A breach of an employment agreement, as well as stealing trade secrets, constitutes a reason to invalidate an option agreement

September 7, 2020
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An employee resigned and took home his work laptop along with the material on it. Prior to returning the equipment to the company the employee copied the material on the laptop to an external hard-drive and formatted the laptop. As a result, the company terminated the agreement for cause and cancelled the stock options of the employee.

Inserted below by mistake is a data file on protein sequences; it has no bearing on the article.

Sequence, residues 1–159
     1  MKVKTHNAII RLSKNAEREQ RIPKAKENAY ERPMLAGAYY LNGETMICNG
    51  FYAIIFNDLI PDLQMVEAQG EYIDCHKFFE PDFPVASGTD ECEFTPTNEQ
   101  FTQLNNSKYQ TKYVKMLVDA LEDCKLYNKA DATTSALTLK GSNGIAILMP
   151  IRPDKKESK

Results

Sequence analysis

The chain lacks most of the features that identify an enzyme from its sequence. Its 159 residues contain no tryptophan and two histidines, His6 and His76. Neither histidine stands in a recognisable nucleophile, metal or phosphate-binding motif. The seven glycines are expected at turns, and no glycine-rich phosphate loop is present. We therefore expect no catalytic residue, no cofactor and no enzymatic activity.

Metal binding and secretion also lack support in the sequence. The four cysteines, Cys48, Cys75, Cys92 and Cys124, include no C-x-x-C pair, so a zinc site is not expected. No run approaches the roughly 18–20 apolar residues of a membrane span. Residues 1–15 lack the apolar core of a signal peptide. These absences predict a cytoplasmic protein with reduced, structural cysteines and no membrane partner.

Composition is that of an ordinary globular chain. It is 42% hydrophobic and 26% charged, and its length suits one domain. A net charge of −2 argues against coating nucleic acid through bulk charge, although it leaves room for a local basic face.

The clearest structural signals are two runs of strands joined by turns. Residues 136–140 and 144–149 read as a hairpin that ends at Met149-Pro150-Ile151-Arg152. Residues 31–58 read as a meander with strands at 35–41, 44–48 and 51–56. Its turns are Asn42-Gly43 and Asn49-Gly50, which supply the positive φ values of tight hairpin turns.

The Labor Court held that the employee’s actions constitute a breach of his employment agreement, amounting to an infringement of trade secrets, and invalidates the employee’s stock options. A trade secret is any business data that is not in the possession of the general public, that is not easily discoverable, and that its confidentiality provides the owner a business advantage of some sort, all provided that the employer has taken reasonable efforts to protect the data. Thus, data on the work computer, including source code, software, emails etc. may be deemed trade secrets of the employer. It is not required for the employee to make use of the data and it is sufficient that the employee is in possession of the trade secret without the explicit consent of the employer. Additionally, when an employee is in breach of his employment agreement, and steals his employer’s trade secrets, the termination by the company constitutes a “termination for cause’ and invalidates the entitlement to stock options under the option agreement.